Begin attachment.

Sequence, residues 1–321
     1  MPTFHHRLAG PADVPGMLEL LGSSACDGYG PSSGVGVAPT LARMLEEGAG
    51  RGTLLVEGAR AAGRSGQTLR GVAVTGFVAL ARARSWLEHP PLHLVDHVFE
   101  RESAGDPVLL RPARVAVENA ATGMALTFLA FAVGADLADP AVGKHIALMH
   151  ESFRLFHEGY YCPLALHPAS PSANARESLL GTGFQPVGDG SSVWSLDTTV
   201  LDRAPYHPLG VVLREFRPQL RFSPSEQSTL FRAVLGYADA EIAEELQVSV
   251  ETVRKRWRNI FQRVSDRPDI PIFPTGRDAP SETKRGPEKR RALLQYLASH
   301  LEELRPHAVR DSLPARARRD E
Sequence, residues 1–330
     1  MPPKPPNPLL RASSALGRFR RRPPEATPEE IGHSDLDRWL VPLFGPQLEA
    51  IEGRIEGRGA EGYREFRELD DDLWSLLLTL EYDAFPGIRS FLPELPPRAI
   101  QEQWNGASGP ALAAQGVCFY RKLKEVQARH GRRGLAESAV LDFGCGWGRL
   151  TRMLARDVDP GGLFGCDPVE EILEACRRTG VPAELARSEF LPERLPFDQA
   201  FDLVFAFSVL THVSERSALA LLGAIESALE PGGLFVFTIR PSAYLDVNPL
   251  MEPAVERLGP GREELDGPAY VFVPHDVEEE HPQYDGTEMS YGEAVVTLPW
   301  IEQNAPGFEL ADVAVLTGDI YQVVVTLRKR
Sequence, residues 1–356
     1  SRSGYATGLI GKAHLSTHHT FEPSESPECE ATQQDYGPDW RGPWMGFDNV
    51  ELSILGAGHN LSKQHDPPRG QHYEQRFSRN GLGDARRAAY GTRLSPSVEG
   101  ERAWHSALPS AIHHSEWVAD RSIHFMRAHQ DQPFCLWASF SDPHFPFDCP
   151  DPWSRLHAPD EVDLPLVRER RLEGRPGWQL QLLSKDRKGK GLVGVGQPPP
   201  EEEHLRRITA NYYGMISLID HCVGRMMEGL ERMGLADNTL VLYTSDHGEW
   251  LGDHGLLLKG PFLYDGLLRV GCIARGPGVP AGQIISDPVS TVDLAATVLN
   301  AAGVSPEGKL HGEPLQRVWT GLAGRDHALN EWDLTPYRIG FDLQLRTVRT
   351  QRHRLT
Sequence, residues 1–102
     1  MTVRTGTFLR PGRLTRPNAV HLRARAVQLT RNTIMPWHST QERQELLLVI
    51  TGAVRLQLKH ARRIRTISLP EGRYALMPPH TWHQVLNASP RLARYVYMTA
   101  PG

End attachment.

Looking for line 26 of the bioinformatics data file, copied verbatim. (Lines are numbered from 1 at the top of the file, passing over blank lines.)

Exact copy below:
Sequence, residues 1–102